HMS Gloucester (1654)
English Royal Yachts at Sea, in a Strong Wind in Company with a Ship (Gloucester) flying the royal standard, painting by Willem van de Velde the Younger
|Class and type:||Speaker-class frigate|
|Tons burthen:||75511⁄94 (bm)|
|Length:||117 ft (35.7 m) (keel)|
|Beam:||34 ft 10 in (10.6 m)|
|Depth of hold:||14 ft 6 in (4.4 m)|
|Sail plan:||Full-rigged ship|
|Armament:||50 guns (as built); 60 guns (1677)|
HMS Gloucester was a 50-gun, third rate, Speaker-class frigate, originally built for the navy of the Commonwealth of England during the 1650s and taken over by the Royal Navy after the restoration of the monarchy in 1660. The ship participated in multiple battles during the Anglo-Spanish War of 1654–60, and the Second and Third Anglo-Dutch Wars. Gloucester was wrecked in 1682 on a sandbar while carrying the Duke of York (the future James II).
Gloucester had a length at the gundeck of 117 feet (35.7 m), a beam of 34 feet 10 inches (10.6 m), and a depth of hold of 13 feet 6 inches (4.1 m). The ship's tonnage was 755 11⁄94 tons burthen. Originally built for 50 guns, in 1667 she actually carried 57 (19 demi-cannon, 4 culverins, and 34 demi-culverins). This was raised in 1677 to 60 guns. The ship had a crew of 210–340 officers and ratings.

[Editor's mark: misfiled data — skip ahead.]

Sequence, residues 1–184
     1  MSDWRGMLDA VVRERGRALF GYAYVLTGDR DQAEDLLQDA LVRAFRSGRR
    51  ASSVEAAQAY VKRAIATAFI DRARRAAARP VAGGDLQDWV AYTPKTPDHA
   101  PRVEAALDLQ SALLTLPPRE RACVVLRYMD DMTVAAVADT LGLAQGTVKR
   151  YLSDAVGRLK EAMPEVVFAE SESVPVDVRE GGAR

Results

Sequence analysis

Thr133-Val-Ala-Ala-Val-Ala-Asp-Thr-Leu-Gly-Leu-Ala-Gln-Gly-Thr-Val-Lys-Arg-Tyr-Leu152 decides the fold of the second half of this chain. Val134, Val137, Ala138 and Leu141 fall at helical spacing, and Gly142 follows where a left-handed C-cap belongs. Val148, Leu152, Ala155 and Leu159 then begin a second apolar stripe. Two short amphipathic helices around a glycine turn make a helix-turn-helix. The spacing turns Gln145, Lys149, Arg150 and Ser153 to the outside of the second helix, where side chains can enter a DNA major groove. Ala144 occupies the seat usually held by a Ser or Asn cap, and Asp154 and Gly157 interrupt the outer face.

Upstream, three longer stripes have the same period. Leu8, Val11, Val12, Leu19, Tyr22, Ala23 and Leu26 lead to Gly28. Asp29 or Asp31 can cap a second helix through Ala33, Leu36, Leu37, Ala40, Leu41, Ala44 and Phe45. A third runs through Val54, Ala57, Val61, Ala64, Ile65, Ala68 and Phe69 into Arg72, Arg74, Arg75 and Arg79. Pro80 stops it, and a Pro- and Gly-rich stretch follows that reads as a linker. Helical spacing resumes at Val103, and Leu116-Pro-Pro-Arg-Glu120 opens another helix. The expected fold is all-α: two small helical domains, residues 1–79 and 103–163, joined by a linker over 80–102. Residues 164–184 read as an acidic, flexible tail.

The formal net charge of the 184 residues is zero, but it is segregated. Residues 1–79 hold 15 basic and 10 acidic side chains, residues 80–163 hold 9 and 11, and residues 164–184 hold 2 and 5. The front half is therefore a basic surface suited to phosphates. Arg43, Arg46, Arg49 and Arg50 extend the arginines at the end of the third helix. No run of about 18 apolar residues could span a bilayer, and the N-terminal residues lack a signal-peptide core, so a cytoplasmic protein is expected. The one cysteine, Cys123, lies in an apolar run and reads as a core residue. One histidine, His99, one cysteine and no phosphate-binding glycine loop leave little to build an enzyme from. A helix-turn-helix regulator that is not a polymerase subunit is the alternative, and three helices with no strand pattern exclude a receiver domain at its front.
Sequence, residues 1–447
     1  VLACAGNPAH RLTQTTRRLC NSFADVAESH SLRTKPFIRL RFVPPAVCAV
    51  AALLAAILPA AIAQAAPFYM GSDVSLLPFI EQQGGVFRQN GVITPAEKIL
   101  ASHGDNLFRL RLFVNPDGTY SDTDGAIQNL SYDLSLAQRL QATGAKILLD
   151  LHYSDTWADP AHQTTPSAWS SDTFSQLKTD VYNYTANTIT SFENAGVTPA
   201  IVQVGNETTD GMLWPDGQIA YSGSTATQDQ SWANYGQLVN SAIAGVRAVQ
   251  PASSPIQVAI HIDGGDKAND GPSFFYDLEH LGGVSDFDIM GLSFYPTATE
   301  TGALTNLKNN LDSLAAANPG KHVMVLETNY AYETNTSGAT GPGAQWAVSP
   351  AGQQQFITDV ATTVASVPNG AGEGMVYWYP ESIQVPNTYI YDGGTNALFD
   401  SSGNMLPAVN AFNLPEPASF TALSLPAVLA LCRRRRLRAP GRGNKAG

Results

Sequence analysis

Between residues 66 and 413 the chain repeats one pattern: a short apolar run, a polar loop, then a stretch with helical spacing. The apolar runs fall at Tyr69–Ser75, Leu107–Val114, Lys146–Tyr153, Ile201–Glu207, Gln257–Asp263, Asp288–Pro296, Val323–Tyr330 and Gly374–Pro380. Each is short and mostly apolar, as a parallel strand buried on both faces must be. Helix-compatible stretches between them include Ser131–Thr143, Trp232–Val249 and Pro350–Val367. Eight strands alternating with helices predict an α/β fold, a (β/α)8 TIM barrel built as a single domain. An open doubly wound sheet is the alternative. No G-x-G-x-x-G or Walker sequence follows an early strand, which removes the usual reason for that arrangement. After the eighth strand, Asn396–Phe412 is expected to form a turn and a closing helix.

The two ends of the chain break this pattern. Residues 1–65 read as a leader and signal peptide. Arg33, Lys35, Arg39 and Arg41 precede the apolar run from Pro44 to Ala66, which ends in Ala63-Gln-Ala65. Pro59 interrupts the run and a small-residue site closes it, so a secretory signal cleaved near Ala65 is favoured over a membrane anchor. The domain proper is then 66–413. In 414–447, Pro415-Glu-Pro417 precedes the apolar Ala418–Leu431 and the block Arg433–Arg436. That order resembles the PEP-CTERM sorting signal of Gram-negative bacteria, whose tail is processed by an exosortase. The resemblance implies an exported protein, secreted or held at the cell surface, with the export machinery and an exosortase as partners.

Construction and career
Gloucester was the first ship in the Navy to be named after the eponymous port. Part of the 1652 Naval Programme, the ship was ordered on December 1652. She was built at Limehouse under the direction of Master Shipwright Matthew Graves, and was launched in March 1653 at a cost of £5,473.
Engagements in which HMS Gloucester took part include:
The sinking of Gloucester
At around 05:30 on 6 May 1682, Gloucester struck a sandbank off Great Yarmouth, Norfolk. In a strong Easterly gale the ship was pounded against the sand until the rudder broke off and the ship was holed. The Duke of York and John Churchill (the future Duke of Marlborough) were rescued in the ship's boat. Boats from the accompanying fleet managed to save many of the crew, but around 120 sailors and passengers lost their lives. Victims of the sinking included Robert Ker, 3rd Earl of Roxburghe and Donough O'Brien, Lord Ibrackan and Sir John Hope of Hopetoun, Hope of Craighall .
- Lavery, p. 159.
- Winfield, p. 408.
- Colledge, p. 143.
- "HMS Gloucester Royal Navy". 5 November 2014.
- Hyde Rochester, Laurence. The Correspondence of Henry Hyde, earl of Clarendon and of his brother Laurence Hyde, Earl of Rochester. pp. Narrative From Sir John Berry, Knight, Late Commander of His Majesty's Ship Gloucester.
- Colledge, J. J.; Warlow, Ben (2006) . Ships of the Royal Navy: The Complete Record of all Fighting Ships of the Royal Navy (Rev. ed.). London: Chatham Publishing. ISBN 978-1-86176-281-8.
- Lavery, Brian (2003) The Ship of the Line - Volume 1: The Development of the Battlefleet 1650–1850. Conway Maritime Press. ISBN 0-85177-252-8.
- Winfield, Rif (2009) British Warships in the Age of Sail 1603–1714: Design, Construction, Careers and Fates. Barnsley, UK: Seaforth Publishing. ISBN 978-1-84832-040-6.
- Media related to HMS Gloucester (ship, 1654) at Wikimedia Commons